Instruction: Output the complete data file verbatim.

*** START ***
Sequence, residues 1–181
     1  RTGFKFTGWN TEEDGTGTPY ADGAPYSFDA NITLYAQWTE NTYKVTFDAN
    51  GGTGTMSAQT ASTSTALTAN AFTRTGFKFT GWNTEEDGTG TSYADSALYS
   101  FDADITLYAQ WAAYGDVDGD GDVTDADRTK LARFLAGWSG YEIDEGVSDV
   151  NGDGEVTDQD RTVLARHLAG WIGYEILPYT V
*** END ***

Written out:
Sequence, residues 1–181
     1  RTGFKFTGWN TEEDGTGTPY ADGAPYSFDA NITLYAQWTE NTYKVTFDAN
    51  GGTGTMSAQT ASTSTALTAN AFTRTGFKFT GWNTEEDGTG TSYADSALYS
   101  FDADITLYAQ WAAYGDVDGD GDVTDADRTK LARFLAGWSG YEIDEGVSDV
   151  NGDGEVTDQD RTVLARHLAG WIGYEILPYT V